ORS engaged in an open-ended inquiry to clarify the conceptual connection between feedback and equity, aiming to identify examples and patterns of feedback practices to help guide nonprofits and funders in what to look for, what to focus on, and how to create practices that support equity work. ORS interviewed multiple staff members at six nonprofits that participated in Listen4Good, exploring the extent to which feedback contributes to their understanding of the inequities their clients face and how they leverage feedback and listening practices to give clients more control over resources and decisions.
Among the key findings
- Feedback is contributing to organizations’ equity work in two main ways: insights from feedback inform changes in programs and organizational policies that advance equity, and the act of listening itself is influencing organizational change.
- For clients, feedback is personal; their feedback includes perspectives, personal experiences, and feelings they choose to share to contribute to organizations’ understanding of their lived experience and barriers they face. While most feel heard and valued, there are still opportunities for improvement.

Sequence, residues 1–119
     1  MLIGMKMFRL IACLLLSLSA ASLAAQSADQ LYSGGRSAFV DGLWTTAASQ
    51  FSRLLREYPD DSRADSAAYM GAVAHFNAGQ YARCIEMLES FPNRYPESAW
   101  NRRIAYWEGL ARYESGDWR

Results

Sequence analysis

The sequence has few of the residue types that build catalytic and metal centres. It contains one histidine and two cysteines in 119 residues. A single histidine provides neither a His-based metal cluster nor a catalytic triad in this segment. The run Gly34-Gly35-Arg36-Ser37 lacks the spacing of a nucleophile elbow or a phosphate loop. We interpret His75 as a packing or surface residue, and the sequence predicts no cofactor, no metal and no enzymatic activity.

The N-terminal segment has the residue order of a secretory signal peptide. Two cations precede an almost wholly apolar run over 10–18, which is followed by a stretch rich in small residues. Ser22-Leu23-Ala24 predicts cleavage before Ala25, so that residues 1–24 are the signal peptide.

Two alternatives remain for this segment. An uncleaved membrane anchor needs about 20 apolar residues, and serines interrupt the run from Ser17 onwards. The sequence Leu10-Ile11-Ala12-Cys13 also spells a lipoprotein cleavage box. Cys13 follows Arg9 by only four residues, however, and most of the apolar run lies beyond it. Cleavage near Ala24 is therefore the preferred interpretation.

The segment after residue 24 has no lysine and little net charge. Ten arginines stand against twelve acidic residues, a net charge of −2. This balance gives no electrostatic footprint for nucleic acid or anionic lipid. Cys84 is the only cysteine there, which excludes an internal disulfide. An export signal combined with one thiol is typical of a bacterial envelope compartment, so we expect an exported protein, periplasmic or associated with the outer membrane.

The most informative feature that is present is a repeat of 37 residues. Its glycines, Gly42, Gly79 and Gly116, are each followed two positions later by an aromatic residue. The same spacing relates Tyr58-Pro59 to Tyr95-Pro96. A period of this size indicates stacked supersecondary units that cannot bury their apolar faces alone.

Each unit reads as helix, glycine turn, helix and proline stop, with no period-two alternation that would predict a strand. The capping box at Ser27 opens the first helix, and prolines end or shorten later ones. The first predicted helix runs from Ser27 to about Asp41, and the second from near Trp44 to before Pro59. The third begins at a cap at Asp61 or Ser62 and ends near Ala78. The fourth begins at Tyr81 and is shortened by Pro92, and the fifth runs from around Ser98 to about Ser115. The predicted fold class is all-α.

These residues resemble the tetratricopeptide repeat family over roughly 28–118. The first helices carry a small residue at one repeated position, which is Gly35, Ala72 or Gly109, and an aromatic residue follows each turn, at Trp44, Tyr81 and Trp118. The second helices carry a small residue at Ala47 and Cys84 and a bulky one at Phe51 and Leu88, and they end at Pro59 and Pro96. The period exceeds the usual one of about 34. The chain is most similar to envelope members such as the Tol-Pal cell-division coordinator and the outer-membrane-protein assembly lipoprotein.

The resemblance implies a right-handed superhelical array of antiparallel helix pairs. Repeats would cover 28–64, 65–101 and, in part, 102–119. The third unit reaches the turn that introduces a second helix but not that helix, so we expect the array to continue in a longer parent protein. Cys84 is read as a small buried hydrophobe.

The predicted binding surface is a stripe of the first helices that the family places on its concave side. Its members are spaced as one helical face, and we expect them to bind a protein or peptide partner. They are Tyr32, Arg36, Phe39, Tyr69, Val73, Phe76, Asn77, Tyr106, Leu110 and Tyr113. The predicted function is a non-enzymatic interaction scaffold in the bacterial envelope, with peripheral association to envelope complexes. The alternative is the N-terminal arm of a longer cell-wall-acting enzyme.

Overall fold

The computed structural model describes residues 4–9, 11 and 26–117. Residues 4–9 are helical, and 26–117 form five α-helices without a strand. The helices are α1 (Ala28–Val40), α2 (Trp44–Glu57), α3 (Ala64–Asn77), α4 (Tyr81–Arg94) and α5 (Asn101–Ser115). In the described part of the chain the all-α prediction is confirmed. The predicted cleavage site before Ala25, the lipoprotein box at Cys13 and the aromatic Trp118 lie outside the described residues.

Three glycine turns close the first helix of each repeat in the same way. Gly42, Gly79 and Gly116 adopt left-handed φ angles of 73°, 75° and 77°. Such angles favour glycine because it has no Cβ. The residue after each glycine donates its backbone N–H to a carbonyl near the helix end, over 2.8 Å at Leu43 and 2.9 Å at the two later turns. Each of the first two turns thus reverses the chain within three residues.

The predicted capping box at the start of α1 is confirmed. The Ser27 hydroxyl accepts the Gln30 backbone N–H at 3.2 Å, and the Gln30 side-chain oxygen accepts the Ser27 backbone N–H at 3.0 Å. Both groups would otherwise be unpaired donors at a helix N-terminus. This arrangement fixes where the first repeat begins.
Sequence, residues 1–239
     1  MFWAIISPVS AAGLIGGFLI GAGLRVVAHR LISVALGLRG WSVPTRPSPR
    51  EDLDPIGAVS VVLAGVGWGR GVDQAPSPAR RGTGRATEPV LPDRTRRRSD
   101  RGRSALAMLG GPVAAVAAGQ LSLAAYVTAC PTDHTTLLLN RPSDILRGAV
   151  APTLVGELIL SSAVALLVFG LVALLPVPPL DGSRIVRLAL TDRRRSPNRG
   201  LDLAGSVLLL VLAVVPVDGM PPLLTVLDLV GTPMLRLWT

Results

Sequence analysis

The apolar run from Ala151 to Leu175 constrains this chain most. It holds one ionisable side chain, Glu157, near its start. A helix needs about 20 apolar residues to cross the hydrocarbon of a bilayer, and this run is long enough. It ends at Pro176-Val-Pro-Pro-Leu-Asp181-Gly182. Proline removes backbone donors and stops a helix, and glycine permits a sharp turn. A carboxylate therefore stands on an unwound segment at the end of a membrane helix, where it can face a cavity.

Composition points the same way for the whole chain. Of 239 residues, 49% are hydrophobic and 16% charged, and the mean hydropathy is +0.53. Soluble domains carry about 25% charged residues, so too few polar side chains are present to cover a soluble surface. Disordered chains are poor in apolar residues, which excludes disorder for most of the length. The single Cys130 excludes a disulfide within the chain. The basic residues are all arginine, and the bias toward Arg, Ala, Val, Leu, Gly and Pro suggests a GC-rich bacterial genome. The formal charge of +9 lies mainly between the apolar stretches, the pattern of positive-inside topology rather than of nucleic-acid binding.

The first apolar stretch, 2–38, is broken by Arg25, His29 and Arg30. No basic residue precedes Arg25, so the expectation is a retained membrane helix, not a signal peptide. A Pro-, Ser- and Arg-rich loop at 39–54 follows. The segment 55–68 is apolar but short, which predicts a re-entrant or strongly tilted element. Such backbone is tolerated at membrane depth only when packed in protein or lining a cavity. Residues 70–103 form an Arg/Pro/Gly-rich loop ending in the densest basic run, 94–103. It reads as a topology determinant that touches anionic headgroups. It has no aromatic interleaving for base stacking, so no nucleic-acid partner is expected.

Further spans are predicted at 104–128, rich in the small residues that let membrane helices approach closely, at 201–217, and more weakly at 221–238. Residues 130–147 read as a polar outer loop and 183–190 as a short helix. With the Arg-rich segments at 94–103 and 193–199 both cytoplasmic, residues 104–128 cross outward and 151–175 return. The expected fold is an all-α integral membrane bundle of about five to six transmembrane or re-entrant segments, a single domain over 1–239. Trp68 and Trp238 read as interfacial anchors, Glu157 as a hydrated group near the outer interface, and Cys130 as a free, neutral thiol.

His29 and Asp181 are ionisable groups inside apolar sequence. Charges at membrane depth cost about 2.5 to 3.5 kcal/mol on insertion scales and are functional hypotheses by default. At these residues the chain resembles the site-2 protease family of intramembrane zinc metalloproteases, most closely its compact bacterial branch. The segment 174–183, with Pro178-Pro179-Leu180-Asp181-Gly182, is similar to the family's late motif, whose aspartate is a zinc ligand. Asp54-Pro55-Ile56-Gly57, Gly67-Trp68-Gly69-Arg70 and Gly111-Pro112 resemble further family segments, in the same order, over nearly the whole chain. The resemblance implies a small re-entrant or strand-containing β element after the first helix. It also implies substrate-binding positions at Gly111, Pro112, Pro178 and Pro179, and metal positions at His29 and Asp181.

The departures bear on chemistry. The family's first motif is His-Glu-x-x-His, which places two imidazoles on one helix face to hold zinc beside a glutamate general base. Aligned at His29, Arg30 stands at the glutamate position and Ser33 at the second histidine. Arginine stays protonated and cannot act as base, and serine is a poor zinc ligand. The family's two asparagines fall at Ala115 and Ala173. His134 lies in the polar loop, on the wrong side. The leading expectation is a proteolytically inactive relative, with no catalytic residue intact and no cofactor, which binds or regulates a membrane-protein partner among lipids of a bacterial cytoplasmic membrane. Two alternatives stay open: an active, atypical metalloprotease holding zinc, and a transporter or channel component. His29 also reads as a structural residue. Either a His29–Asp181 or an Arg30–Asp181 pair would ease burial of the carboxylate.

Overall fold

- Organizations are shifting from having power over clients to building power with clients, and feedback and listening contributed to those practices.
- Feedback and listening contributed in different ways to organizations’ equity work; it acted as a catalyst, mirror, or compass, depending on how feedback and listening were leveraged by each organization.
- Collecting client feedback doesn’t automatically make organizations more equitable; organizations must intentionally design processes and create a culture that infuses equity into the way they gather and use feedback to understand and address the inequities clients face.